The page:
Lawmakers Skirt New Earmark Disclosure Rule
To meet a new transparency rule members of Congress had until this week to post details of earmark requests on their official websites but many have failed to abide and others have hidden the information in obscure places that disregard the law’s spirit.
A congressional newspaper reviewed hundreds of U.S. House member web sites and reports that scores of lawmakers—both Democrat and Republican—have taken great measures to conceal the information while technically complying with the letter of the law. Others have simply ignored it all together.
The measure, promoted by Democrats and President Barack Obama as a crucial step toward opening the often secretive earmarking system, requires lawmakers to create an active link on their web pages disclosing their 2010 spending requests.
Some members have prominently displayed their pork requests while many have gone out of their way to keep them from the public. More than 70 representatives completely blew off the rule by failing to establish their links or creating links that are virtually impossible to locate.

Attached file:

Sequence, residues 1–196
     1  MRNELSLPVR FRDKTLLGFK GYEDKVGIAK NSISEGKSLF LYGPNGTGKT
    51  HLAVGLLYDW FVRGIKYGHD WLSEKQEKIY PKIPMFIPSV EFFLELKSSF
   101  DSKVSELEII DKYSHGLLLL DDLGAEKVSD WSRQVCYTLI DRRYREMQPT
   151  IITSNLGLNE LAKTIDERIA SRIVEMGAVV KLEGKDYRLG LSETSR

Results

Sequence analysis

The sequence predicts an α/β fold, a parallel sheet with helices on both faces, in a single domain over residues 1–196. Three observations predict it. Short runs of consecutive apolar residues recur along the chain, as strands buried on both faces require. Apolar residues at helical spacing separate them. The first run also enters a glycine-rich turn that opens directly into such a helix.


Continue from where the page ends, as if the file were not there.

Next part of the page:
Among the worst offenders are New York Democrats Jose Serrano, Joseph Crowley and Nita Lowey, Ohio Republican Steven LaTourette and Kentucky Republican Hal Rogers. Besides posting the information in hard-to-find sub pages, some disguised the category with terms like “funding requests” and “economic development and job creation.”
Some lawmakers did a great job displaying the information by creating new, easily accessible categories on their home menus. They include New York Democrat Charles Rangel (chairman of the House Ways and Means Committee), South Carolina Democrat James Clyburn, Pennsylvania Democrat John Murtha and Pennsylvania Republican Glenn Thompson.